Effective counselling requires understanding one's own values and not unduly
influencing the user's by imposing, promoting or displaying them, particularly in cases
where the provider's and the user's values are different.

The following steps are a useful guide, though not every counselling session will consist
of all six:

G Greet the client in a friendly, helpful and welcoming way, to establish


rapport and make them feel at ease

A Ask the client about his or her needs and feelings and reassure them
that their worries and concerns are normal, take a history if appropriate

T Tell the client all the information he or she may need, for example about
procedures,services, products they may need

H Help the client to make an informed decision, and ensure that they
are clear and happy with their decision and have no persistent doubts

E Explain the relevant facts related to the decision made, and summarise
the discussion

R Return visits should be planned


Supervision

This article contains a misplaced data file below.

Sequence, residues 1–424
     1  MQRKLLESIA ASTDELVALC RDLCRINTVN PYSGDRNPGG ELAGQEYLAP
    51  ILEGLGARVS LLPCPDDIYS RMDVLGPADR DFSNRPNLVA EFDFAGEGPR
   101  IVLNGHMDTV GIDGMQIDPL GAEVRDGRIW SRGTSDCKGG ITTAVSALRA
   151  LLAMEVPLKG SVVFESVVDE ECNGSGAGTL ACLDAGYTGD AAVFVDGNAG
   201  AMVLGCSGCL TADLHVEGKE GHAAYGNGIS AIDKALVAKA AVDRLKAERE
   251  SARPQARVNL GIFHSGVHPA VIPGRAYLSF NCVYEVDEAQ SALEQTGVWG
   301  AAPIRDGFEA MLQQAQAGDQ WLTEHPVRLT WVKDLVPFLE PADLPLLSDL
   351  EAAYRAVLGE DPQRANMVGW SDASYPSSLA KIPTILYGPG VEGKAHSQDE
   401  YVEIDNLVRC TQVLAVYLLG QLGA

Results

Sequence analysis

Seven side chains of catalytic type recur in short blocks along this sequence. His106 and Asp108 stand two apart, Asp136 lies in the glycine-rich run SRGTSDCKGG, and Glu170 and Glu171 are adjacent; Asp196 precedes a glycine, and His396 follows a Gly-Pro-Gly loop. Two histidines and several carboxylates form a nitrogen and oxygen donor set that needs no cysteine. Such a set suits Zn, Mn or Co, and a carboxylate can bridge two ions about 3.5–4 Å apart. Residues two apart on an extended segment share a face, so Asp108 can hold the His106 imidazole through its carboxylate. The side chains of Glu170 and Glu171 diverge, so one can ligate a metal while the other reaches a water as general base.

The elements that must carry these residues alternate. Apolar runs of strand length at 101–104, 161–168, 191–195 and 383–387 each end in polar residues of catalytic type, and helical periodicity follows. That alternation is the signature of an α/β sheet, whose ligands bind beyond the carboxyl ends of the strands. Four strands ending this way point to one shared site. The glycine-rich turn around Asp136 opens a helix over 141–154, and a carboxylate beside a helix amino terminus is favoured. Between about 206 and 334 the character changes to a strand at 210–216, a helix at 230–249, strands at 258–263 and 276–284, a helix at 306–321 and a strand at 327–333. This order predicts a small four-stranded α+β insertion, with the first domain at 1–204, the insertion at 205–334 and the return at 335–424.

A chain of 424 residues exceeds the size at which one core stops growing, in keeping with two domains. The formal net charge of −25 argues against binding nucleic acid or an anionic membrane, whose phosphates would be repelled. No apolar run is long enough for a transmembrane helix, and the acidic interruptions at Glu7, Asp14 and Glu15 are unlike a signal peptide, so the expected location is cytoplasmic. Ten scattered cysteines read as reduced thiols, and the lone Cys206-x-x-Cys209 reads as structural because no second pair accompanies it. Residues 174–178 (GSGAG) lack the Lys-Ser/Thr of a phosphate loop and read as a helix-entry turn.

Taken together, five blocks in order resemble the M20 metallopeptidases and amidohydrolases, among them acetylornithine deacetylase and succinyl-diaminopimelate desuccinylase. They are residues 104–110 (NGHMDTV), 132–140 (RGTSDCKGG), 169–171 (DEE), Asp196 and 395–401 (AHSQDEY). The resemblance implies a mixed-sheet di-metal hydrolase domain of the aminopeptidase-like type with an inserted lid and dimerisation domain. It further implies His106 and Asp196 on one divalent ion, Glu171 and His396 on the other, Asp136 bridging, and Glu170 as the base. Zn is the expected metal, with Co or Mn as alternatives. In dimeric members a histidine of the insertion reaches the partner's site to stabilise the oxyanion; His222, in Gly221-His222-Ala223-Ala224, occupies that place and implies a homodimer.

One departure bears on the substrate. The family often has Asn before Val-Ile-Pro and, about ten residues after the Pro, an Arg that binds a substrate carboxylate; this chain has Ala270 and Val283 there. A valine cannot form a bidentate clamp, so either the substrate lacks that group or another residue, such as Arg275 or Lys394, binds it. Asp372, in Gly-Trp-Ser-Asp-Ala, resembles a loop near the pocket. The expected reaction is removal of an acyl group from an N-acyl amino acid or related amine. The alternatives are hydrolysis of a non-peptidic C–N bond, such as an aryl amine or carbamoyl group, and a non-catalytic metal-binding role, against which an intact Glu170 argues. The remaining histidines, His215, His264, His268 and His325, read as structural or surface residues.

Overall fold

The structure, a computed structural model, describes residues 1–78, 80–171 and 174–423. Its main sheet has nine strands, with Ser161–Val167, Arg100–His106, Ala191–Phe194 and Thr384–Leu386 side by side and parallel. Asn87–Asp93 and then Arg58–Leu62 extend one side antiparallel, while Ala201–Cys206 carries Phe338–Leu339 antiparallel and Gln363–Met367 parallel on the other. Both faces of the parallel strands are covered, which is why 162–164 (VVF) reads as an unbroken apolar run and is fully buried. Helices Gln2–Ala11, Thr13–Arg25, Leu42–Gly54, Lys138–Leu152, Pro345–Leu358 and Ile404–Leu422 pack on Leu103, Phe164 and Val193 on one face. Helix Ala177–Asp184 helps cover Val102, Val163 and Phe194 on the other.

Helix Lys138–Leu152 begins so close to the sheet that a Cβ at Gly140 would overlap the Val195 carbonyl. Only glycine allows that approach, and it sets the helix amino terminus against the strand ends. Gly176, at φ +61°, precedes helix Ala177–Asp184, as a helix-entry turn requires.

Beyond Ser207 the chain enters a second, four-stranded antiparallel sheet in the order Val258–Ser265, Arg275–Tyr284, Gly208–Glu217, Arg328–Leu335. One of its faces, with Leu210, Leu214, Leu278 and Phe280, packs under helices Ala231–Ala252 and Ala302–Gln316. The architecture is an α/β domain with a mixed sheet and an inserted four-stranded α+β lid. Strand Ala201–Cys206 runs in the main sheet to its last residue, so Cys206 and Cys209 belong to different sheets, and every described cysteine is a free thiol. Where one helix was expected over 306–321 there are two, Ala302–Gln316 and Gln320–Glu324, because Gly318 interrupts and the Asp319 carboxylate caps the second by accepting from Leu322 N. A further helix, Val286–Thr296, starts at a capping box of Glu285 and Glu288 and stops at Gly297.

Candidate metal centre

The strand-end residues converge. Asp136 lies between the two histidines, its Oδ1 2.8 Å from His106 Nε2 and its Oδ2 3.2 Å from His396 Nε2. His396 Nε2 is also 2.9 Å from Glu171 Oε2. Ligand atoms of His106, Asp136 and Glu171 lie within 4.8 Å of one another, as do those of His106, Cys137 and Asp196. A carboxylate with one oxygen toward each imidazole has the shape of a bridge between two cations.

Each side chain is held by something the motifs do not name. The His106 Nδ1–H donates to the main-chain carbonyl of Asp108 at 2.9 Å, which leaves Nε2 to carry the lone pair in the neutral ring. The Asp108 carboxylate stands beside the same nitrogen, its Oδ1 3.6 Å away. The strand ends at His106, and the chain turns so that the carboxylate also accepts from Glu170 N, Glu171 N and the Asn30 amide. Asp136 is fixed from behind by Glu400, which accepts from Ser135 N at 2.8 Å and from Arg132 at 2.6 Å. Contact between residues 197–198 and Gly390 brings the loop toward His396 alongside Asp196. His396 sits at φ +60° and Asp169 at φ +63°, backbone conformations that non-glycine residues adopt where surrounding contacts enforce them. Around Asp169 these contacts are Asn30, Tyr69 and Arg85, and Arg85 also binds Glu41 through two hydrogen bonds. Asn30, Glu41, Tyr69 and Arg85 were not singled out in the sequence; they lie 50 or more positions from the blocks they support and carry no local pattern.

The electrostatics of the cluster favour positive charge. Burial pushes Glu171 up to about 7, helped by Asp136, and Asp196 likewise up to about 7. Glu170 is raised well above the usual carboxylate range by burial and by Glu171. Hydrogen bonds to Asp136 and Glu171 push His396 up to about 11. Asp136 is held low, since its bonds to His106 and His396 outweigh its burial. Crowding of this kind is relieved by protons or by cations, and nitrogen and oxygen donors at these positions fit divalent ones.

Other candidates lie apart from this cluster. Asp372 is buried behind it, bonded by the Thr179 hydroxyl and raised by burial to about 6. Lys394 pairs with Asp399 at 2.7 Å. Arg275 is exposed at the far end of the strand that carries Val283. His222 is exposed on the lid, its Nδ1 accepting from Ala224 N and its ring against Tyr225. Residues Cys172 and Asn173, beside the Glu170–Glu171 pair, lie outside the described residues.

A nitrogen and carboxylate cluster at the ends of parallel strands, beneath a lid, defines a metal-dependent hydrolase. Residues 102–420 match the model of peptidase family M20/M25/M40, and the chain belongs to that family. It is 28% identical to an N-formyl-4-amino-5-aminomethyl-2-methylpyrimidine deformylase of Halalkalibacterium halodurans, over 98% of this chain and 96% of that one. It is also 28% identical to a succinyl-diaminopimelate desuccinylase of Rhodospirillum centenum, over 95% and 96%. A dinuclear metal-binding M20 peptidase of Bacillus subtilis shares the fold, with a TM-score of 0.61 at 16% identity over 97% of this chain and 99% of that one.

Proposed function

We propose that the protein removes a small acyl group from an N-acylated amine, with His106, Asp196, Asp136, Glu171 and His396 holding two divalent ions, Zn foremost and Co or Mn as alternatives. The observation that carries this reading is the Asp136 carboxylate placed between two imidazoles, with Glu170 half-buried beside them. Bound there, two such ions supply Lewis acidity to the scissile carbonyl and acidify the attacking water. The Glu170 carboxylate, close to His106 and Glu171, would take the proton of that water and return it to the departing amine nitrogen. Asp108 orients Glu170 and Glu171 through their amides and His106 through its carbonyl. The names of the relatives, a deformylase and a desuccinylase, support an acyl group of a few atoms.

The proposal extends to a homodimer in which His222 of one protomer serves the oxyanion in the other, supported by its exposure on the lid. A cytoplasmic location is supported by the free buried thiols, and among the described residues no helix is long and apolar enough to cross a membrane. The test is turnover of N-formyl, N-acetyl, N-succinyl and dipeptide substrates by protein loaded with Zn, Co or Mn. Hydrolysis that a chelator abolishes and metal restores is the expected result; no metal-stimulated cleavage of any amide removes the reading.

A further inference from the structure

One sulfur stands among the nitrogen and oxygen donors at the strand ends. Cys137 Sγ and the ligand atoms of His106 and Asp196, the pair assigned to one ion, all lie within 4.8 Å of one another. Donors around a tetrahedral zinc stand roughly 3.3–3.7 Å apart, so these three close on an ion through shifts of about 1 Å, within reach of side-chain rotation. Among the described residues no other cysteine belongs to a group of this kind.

• Supervise work of all information, education and communication workers.
• Train and guide new and old information, education and communication workers.
• Formulate schedules and holiday planning of all information, education and
communication workers assuring that terms and conditions of mission are respected.
• Contact line manager for possible needs for training or suggestions regarding
information, education and communication officers.

Information
• Collect and look for material that could be useful for activities of department.
• Inform communities about services provided.
• Inform community members about health related issues according to strategies.
Education
• Prepare material for community sensitization sessions.
• Deliver information to community

• Plan and Coordinate the activities in terms of presence on the targeted areas to be
covered.
Communication
• Visit regularly communities and locations that are under responsibility according to
schedule, and performing sensitization session when necessary or required.
• Facilitate and organise community meetings, trainings and workshops always in
cooperation with logistics and medical department.
• Maintain confidentiality regarding all information observed or registered.
Networking